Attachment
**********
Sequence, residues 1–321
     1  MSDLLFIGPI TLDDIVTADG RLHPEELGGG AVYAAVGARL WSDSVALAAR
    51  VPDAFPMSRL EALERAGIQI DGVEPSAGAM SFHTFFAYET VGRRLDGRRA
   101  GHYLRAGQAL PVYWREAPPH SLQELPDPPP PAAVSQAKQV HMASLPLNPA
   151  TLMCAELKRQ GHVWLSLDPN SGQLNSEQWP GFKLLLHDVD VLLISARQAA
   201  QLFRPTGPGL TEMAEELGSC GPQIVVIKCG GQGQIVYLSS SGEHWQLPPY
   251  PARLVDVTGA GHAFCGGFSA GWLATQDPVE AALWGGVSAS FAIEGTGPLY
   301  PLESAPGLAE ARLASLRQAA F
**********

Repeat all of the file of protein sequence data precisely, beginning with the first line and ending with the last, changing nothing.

Sequence, residues 1–321
     1  MSDLLFIGPI TLDDIVTADG RLHPEELGGG AVYAAVGARL WSDSVALAAR
    51  VPDAFPMSRL EALERAGIQI DGVEPSAGAM SFHTFFAYET VGRRLDGRRA
   101  GHYLRAGQAL PVYWREAPPH SLQELPDPPP PAAVSQAKQV HMASLPLNPA
   151  TLMCAELKRQ GHVWLSLDPN SGQLNSEQWP GFKLLLHDVD VLLISARQAA
   201  QLFRPTGPGL TEMAEELGSC GPQIVVIKCG GQGQIVYLSS SGEHWQLPPY
   251  PARLVDVTGA GHAFCGGFSA GWLATQDPVE AALWGGVSAS FAIEGTGPLY
   301  PLESAPGLAE ARLASLRQAA F